Neon Driving Game Prototype
This is my process for creating a small prototype for a mobile driving game.
Initial planning and idea conception, establishing scale and theme.
In this case I imagined a mobile game that was inspired by a 80's cyberpunk / futuristic aesthetic that was set in a city lined with holographic advertisements. The player would drive around the city hitting checkpoints and completing tasks. I based the scale of the objects off a humanoid model I had done before and usually use as scale reference.
Basic block out and establishment of base forms.
In this case I created a simple set of road segments that would snap together, building pieces like windows, doors, and overhangs, general props, the fictional advertisements that would be around the level, and the car that the player would control.
Creation of variations and detail objects.
Starting from some basic window and door shapes I created a few variations to enhance visual complexity of the modular kit. I created extra detail objects that would be placed around the level.
Texturing of the objects
In this case I wanted to use as few textures as possible and textures that were very small to reduce app size and maximize GPU performance by utilizing batching techniques. I used a simple set of flats and gradients and UV unwrapped the objects all to the same texture using the flat colours for areas that would need to be snapped together and the gradients for standalone areas. Ultimately I was able to get every object besides the advertisements and the car to share the same material in Unity. This creates a big difference in terms of rendering cost.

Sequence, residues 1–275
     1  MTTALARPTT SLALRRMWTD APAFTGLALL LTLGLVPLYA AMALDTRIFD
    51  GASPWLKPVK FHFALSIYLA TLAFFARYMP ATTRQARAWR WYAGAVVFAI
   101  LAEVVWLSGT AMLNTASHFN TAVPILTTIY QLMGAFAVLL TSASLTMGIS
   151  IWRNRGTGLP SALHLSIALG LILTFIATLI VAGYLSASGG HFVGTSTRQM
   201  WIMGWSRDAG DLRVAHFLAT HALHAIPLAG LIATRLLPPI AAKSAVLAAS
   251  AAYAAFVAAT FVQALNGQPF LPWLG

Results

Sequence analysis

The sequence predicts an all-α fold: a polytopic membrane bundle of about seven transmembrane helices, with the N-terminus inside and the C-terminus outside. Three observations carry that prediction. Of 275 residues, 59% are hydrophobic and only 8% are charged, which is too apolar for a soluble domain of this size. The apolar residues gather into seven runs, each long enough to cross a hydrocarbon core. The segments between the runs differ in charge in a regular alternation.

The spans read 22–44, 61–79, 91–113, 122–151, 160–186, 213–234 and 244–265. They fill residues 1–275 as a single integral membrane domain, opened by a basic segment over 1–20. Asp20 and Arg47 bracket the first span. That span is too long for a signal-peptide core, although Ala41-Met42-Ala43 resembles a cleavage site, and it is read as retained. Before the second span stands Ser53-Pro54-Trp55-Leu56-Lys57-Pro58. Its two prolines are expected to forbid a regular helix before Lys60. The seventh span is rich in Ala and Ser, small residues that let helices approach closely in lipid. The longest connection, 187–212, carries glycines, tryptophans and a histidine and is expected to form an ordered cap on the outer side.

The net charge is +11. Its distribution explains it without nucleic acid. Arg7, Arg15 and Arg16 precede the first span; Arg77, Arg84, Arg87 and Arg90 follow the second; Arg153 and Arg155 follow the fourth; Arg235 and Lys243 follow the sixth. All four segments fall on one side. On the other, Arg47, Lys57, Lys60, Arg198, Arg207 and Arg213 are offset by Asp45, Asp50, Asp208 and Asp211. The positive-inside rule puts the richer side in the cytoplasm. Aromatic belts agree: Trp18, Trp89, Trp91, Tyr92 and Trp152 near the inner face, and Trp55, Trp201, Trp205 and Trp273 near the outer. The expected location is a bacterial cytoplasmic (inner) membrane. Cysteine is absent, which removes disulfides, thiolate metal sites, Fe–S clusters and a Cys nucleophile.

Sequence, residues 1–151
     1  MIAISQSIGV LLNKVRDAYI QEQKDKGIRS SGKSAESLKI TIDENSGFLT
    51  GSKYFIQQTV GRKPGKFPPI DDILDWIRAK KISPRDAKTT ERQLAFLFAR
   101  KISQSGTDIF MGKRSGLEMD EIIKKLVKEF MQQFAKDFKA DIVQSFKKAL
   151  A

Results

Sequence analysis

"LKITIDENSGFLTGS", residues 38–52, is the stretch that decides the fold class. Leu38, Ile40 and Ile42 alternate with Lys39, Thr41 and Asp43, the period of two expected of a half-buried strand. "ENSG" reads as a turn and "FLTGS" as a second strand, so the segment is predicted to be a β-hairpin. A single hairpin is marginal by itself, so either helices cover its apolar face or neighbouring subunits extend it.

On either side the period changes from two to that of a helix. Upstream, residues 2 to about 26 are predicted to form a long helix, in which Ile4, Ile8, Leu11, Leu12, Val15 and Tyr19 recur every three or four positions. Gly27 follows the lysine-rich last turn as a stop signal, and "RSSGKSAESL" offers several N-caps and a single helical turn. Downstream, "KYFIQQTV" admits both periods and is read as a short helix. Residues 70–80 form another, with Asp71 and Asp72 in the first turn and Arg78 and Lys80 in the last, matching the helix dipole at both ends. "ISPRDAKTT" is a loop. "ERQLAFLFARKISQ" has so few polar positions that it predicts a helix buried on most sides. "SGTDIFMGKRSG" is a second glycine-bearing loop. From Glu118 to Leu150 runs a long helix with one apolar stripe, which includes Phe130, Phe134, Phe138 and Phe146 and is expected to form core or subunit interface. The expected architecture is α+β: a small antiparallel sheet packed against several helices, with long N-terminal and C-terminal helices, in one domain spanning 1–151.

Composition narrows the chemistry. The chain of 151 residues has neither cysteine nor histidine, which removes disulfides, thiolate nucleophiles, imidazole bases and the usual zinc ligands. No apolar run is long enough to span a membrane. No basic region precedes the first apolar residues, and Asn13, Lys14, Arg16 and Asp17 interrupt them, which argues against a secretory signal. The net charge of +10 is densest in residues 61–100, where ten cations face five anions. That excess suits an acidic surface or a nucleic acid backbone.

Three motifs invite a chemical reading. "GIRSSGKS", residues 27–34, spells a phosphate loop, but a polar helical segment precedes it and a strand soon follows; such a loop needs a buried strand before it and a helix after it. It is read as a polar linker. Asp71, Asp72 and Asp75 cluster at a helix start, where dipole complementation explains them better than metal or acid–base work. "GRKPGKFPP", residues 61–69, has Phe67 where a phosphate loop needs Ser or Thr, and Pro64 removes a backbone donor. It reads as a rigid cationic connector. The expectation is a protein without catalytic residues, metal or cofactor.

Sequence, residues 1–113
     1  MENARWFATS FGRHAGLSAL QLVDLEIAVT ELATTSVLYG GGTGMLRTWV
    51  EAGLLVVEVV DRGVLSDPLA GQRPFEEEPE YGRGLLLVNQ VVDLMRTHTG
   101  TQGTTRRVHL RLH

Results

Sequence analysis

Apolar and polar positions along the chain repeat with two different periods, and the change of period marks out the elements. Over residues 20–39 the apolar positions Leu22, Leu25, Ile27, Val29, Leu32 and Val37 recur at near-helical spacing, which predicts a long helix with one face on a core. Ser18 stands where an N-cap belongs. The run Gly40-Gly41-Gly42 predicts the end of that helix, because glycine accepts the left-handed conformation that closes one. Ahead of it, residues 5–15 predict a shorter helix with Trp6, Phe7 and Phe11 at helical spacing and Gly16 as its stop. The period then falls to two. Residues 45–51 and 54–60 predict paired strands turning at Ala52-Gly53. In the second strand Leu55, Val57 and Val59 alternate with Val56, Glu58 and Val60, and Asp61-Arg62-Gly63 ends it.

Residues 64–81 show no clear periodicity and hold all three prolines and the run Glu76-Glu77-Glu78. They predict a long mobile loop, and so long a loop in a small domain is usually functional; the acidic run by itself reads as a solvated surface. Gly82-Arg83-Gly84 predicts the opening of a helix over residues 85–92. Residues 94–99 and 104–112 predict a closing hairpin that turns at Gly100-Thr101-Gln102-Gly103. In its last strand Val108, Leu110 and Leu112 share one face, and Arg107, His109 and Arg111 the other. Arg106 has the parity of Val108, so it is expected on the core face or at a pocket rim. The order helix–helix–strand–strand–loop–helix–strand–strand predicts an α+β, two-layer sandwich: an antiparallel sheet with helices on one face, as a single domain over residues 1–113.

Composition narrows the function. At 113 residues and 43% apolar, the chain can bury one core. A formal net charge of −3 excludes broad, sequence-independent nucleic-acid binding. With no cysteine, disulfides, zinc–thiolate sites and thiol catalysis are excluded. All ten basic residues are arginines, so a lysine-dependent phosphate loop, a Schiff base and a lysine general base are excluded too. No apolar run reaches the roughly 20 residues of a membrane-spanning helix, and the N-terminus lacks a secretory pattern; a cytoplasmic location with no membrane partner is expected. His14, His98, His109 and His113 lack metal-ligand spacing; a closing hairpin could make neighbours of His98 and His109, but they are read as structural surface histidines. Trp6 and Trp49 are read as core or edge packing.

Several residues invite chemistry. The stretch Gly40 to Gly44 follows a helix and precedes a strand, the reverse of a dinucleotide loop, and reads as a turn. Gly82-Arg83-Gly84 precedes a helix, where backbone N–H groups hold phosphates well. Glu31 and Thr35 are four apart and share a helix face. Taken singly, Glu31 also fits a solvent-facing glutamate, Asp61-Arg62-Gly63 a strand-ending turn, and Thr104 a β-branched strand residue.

Export to Unity, creation of building prefabs from the modular kit.
I exported everything to Unity and assigned the materials. Then I took the modular kit and built a set of buildings by snapping all the smaller pieces together. My approach was to give each building at least two unique sides to enhance visual variety and to allow them to face both opposing sides of the streets.
Layout of city.
I laid out a looping street pattern first and then I placed the building prefabs around to create the feel of a tightly crowded city.
Creation of the vehicle prefab.
I brought in the vehicle model I created and used the vehicle prefab from Unity standard assets to create my own controllable vehicle. I used the Unity standard assets AutoCam to follow around the player. I replaced the models with my own and set it up to work with both PC and mobile input.
This scene was initially extremely large to render on a mobile device, the total scene vertex count reaching around 1 million. All the objects sharing the same material helped but I further optimized the scene by combining the individual building prefab meshes into one mesh to reduce draw calls. I also combined the streets and the lamp posts. Then I baked Occlusion Culling so that objects not in direct view are not rendered and reduced the draw distance of the player camera. I found a mobile standard shader on github to use as the shader for my material. It was a good alternative between the built-in Standard shader and the built-in Mobile shaders. This shader let me add a fake spotlight which can be seen on the hood of the car and has a subtle effect on the buildings. I used a mobile particle shader for the advertisements. I was quite happy with these optimizations and could have further optimized the scene given more time. I also created custom graphic settings that disabled any unnecessary features, and made sure the scene rendering settings were set correctly.
Post processing, shot set up and checkpoints.
I added some colour grading to the main camera, set up the screenshots for the app store preview and add some checkpoints around the level to give some feeling of objectives. It ended up being quite fun to just drive around in this little city of mine.